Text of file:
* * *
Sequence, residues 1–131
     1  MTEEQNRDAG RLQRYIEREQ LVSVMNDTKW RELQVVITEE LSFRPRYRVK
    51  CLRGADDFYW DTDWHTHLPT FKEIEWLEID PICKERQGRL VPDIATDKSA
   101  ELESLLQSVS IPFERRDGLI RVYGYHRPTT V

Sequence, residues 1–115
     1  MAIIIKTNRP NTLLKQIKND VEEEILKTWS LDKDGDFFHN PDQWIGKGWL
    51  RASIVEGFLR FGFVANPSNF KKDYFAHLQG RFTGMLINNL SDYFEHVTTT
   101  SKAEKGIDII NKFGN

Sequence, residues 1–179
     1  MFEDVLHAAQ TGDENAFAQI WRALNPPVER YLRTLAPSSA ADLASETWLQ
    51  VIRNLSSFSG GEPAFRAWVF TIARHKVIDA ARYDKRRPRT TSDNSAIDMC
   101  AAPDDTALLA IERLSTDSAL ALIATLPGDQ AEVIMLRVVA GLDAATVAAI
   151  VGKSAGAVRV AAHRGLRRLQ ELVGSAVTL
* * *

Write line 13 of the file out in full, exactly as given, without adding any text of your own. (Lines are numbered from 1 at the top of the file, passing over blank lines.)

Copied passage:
   151  VGKSAGAVRV AAHRGLRRLQ ELVGSAVTL